Review

I am certainly not an expert, but what I have read in the field of AI alignment is almost solely targeted at handling the question of how to make sure that a general AI does not start optimizing for outcomes that humans do not want to happen.

This is, to me, an obviously important problem, in that it seems like we only get one chance at it and if we fail we are all Doomed. 

However, it also seems like a very difficult problem to get good feedback on since there are no AGIs to test different strategies on, which can make estimating the promise of different avenues of research very difficult

A related problem in which real world feedback can be more readily attained might be alignment of narrow AIs. It seems to me that existing AIs already demonstrate properties that appear to be misaligned with the intentions of their programmers. For example, websites such as Facebook and YouTube employ algorithms to personalize the recommended content a user sees to keep them engaged and thus generating the companies more ad revenue. On the face of it, there seems to be nothing wrong with optimizing to show people what they want to see. Unfortunately, a very effective strategy for accomplishing this goal in many cases appears to be showing people extremely misleading or fabricated stories about reality which both support what the person already believes and creates a large emotional response. In this way these platforms support the spread of misinformation and political polarization, which was almost certainly not the intent of the programmers who probably imagined themselves to be creating a service that would be uniquely tailored to be enjoyable for everyone.

This problem does not seem to be something that can be simply patched, much in the way deficient friendly AI designs do not seem patchable. It seems, at least when I try to consider a possible solution, impossible, though not as impossible an impossibility as aligned AGI. The key immediate problems in my mind are “how do you decide what counts as misinformation in a relatively unbiased manner?” and “if you don’t fulfill people’s desire for confirmation of their poorly supported beliefs, how do you make your platform as attractive as a competitor who will fill that confirmation bias itch?”

Tackling the challenge of “build an AI system that recommends content to users without spreading misinformation” or something similar seems as though it could provide a reasonably relevant test for ideas for outer alignment of AI systems. There are clearly a number of relevant differences between this kind of test and actual AGI, but the fact that fields without concrete ways to test their ideas have historically not done well seems a very important consideration.

So are there groups doing this sort of research, and if not is there a good reason why such research would not be particularly useful for the AI alignment field?


 

11

New Answer
Ask Related Question
New Comment

3 Answers sorted by

Of course tons of this research is going on. Do you think people who work at Facebook or YouTube are happy that their algorithms suggest outrageous or misleading content? I know a bit about the work at YouTube (I work on an unrelated applied AI team at Google) and they are altering metrics, penalizing certain kinds of content, looking for user journeys that appear to have undesirable outcomes and figuring out what to do about them, and so on.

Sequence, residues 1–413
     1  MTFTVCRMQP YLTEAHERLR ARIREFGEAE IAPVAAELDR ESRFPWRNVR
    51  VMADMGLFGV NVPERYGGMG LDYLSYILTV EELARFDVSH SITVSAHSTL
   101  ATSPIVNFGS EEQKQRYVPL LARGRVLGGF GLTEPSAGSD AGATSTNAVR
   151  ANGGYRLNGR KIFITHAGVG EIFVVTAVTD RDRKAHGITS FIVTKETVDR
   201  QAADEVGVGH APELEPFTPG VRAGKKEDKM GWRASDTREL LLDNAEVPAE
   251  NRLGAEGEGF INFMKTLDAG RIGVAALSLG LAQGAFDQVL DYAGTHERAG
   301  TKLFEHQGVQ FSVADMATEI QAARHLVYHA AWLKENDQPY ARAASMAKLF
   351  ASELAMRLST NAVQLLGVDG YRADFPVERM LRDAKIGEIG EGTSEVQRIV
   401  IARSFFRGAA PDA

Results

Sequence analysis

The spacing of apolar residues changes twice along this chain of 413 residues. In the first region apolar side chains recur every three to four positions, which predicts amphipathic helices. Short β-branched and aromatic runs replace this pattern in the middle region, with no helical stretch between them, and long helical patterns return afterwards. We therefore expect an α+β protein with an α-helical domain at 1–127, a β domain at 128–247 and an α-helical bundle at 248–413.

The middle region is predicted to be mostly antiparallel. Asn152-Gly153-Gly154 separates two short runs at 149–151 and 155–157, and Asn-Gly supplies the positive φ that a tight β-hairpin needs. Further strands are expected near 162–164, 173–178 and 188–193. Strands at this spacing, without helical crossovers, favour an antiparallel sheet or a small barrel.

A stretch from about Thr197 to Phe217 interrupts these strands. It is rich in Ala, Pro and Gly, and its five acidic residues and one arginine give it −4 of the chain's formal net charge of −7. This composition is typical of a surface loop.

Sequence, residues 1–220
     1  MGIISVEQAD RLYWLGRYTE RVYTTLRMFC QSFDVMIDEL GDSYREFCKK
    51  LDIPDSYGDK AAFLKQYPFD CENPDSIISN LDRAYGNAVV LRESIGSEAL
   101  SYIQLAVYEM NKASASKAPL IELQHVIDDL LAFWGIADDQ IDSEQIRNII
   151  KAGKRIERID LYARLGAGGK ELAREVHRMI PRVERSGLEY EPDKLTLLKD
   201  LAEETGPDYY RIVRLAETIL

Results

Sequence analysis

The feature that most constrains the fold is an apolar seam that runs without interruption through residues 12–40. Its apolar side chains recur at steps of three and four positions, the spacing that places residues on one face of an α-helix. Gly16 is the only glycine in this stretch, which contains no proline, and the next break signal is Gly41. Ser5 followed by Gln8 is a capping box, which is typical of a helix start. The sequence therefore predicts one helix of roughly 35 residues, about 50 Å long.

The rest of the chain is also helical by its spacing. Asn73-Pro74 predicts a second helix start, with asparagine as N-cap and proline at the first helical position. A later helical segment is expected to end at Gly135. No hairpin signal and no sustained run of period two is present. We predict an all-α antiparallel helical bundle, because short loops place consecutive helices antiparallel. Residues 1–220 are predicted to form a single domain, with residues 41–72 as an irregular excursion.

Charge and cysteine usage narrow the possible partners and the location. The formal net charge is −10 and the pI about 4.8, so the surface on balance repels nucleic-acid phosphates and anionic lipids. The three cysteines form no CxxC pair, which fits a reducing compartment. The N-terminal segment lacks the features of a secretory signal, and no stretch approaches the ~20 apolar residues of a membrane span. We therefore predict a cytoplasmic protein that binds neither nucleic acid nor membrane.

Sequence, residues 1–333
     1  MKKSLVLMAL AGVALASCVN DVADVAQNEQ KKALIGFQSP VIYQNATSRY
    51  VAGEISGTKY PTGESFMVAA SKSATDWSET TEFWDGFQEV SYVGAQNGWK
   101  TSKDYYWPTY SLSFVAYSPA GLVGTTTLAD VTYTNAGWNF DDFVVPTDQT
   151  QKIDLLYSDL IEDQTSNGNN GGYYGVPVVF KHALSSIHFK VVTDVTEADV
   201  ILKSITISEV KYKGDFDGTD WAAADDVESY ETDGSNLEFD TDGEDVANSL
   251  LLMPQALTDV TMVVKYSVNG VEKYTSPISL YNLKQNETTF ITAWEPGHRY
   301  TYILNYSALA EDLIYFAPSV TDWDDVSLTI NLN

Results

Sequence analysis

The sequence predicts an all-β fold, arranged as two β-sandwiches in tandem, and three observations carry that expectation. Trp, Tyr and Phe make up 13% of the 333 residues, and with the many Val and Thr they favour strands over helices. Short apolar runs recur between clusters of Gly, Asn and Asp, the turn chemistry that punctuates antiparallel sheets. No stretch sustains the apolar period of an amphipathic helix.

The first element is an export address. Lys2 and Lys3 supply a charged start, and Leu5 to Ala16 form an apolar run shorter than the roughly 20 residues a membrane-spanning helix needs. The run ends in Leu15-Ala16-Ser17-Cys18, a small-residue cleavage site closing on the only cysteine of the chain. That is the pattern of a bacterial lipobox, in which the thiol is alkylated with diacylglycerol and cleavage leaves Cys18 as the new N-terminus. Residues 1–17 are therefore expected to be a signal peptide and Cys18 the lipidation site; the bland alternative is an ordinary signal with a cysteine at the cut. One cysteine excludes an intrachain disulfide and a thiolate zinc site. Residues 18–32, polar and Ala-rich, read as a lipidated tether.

I'm also friends with a political science professor who consults with Facebook on similar kinds of issues, basically applying mechanism design to think about how people will act given different kinds of things in their feeds.

Also you can think about spam or abuse with AI systems, which have similar patterns. If someone figures out how to trick the quality rating system for ads into thinking this is a high quality ad, then they'll get a discount (this is how e.g. Google search ads works). All kinds of tricky things happen, with web pages showing one thing to the ad system and a different thing to the user, for instance, or selling one thing to harvest emails to spam for something else. 

In general the observation from working in the field is that if you have a simple metric, people will figure out how to game it. So you need to build in a lot of safeguards, and you need to evolve all the time as the spammers/abusers evolve. There's no end point, no place where you think you're done, just an ever changing competition.

I'm not sure this provides much comfort for the AGI alignment folks....

In general the observation from working in the field is that if you have a simple metric, people will figure out how to game it. So you need to build in a lot of safeguards, and you need to evolve all the time as the spammers/abusers evolve. There's no end point, no place where you think you're done, just an ever changing competition.

 

That's what I was trying to point at in regards to the problem not being patchable. It doesn't seem like there is some simple patch you can write, and then be done. A solution that would work more permanently seems to ha... (read more)

Yeah. Just off the top of my head, OpenAI's safety group has put some work into language models (e.g.), and there's a new group called Preamble working on helping recommender systems meet certain desiderata.

Also see the most recent post on LW from Beth Barnes.